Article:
"Are we teaching a technique that leads to malfunctions at a time when the person can least afford them?" he asked. I saw numerous failures to seat, including magazines dropping onto the ground. I also saw even more shooters taking extra time to make sure the magazine was seated after a tactical reload, pushing the average reload time into the five- to 10-second arena.

    3) Because the tactical reload is based on nonfundamental fine motor movements, it requires more mental attention to have any hope of accomplishing it in an expedited manner. That means during the course of the reload, the shooter's focus is off the threat. Setting aside the issue of whether this is even possible given that a million years of evolution and a screaming IM demand that our attention stay on what's trying to kill us, you've now turned your attention away from your attacker for at least a couple of seconds. We know from the Tueller Drill that a determined attacker can cover 21 feet--seven yards--in 1.5 seconds. We also know that the overwhelming majority of civilian gunfights happen inside seven yards. While you're behind cover playing with your gun, your assailant is moving, getting into a better position to whack you. In the five seconds it's likely to take you to reload, your assailant could relocate his or her whole family into the neighborhood and probably erect a tent. Five seconds is forever.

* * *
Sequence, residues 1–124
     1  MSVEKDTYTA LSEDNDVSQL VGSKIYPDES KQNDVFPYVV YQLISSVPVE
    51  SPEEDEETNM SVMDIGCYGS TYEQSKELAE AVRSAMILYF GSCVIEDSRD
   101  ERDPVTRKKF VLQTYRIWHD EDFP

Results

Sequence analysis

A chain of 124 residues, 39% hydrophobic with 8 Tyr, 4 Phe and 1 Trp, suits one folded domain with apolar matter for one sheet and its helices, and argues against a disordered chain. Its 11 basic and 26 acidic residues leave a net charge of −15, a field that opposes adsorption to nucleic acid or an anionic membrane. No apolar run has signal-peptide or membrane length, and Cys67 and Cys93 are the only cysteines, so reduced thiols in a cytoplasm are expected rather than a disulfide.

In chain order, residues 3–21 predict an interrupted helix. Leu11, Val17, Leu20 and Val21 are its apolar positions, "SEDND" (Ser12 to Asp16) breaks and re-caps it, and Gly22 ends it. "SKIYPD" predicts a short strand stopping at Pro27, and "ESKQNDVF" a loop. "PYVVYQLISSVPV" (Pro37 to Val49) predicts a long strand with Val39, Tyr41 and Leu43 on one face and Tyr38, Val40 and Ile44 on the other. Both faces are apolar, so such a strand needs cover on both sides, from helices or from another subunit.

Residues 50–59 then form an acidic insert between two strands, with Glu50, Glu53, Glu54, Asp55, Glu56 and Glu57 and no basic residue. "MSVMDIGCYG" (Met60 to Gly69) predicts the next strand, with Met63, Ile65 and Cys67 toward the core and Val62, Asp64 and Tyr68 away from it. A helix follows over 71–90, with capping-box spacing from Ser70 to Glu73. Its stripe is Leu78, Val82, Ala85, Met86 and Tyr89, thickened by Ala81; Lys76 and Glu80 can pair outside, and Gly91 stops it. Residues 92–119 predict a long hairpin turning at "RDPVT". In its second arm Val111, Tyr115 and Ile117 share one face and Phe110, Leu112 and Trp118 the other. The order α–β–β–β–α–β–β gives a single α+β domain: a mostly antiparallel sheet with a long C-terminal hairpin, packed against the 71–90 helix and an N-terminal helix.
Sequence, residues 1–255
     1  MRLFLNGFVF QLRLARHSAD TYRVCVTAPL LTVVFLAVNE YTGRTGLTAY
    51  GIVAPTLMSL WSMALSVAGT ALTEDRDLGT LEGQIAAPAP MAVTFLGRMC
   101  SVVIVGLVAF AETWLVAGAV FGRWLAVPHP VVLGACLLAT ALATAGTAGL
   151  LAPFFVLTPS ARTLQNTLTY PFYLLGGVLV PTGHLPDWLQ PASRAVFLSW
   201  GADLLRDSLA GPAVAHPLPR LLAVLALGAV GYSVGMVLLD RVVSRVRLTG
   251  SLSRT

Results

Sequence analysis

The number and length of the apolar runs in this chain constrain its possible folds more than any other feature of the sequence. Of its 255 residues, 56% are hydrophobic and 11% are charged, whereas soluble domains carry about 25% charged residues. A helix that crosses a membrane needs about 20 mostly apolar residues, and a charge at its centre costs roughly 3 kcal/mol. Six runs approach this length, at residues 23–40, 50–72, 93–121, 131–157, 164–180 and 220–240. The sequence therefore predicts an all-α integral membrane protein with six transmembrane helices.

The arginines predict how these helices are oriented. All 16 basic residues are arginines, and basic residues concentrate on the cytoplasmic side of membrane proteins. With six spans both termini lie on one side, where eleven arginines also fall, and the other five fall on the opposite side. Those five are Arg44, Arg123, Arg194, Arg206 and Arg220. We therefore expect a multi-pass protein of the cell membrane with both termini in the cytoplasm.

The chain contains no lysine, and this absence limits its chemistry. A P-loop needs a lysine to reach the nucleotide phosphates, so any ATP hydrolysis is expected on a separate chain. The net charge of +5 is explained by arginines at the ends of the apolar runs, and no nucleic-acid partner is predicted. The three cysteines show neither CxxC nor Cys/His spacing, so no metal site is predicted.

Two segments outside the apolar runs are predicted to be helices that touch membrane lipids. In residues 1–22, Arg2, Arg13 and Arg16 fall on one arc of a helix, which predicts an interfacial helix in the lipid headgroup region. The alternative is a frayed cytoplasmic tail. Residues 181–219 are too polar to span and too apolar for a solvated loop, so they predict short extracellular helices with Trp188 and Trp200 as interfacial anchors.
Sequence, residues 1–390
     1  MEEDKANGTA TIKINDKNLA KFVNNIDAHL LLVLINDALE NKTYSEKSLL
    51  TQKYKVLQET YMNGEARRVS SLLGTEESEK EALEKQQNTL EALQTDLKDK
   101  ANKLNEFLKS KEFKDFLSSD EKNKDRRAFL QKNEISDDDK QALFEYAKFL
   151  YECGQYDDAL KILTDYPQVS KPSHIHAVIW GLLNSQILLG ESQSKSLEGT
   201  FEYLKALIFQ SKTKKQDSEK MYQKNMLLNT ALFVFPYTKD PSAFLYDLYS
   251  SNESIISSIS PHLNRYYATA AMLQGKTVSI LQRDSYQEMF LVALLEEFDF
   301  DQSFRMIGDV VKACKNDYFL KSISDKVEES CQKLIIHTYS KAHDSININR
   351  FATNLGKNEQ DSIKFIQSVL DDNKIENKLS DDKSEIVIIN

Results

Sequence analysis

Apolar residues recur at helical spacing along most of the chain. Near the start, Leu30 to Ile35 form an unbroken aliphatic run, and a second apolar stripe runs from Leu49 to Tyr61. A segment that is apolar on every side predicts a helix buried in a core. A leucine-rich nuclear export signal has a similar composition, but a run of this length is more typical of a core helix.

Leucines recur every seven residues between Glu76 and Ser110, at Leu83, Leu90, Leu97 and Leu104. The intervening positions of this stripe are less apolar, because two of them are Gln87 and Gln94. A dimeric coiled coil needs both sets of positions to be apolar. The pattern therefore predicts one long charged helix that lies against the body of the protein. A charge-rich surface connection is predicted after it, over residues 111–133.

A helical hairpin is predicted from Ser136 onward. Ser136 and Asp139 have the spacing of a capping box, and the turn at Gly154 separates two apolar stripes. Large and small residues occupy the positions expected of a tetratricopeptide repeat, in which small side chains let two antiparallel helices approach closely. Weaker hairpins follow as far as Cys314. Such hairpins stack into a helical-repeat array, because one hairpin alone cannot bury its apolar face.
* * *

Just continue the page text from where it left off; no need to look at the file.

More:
I had occasion to spend some time with an Israeli security specialist, military sniper and top firearms instructor a few months back. He was conversant with the shooting sports, and although his name can't appear in this article, I think his comments are germane.



    "We stopped teaching tactical reloads," he told me, "because the people who tried to do them kept getting killed."

    So what do you do if you're trapped in Condition Black and you have a chance to reload? Speed reload the gun! Drop the partially used magazine on the ground, ram the full magazine in hard, and continue with what you were doing as quickly as possible. If you're kneeling behind cover when you do the reload and there's time, by all means pick up--another fundamental monkey move--the partially charged magazine, and stuff it somewhere.

    And if you're worried about not having enough ammunition in a firefight--even though no civilian gunfight that I could find reference to has been decided on round count--do what my Israeli friend suggests: "Carry more magazines."
    And for IDPA, c'mon guys, it's past time for a little tactical reality check."